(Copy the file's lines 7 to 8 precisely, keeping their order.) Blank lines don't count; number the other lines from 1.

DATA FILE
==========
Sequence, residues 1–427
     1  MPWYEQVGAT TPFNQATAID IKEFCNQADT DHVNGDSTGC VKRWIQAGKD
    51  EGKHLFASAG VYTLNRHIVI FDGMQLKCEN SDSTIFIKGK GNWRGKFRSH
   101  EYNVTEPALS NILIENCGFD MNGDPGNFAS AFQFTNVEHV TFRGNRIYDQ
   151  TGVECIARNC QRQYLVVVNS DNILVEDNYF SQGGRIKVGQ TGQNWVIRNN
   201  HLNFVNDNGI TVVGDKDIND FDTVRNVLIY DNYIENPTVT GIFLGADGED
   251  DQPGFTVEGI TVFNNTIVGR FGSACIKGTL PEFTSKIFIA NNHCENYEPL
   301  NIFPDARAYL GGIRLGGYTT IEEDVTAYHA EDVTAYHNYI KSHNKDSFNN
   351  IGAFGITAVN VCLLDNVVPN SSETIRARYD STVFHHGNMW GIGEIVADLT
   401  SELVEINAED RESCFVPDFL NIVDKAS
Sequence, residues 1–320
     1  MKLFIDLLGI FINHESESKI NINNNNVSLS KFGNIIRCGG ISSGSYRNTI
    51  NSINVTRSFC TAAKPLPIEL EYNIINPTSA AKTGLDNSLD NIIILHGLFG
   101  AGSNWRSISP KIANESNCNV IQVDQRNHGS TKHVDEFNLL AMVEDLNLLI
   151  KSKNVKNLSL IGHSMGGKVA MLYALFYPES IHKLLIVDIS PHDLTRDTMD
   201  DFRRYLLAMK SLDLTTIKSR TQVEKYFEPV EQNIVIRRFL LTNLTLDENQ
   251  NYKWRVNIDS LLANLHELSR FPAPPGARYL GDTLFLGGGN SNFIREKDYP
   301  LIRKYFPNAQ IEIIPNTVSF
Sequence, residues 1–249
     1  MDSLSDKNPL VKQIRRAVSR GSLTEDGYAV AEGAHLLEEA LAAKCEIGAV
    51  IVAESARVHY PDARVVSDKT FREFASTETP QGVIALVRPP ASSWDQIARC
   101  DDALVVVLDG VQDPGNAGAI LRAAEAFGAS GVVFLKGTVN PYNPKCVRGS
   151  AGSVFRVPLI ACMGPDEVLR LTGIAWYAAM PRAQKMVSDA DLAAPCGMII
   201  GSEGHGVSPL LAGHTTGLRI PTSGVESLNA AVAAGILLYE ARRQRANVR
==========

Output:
   251  DQPGFTVEGI TVFNNTIVGR FGSACIKGTL PEFTSKIFIA NNHCENYEPL
   301  NIFPDARAYL GGIRLGGYTT IEEDVTAYHA EDVTAYHNYI KSHNKDSFNN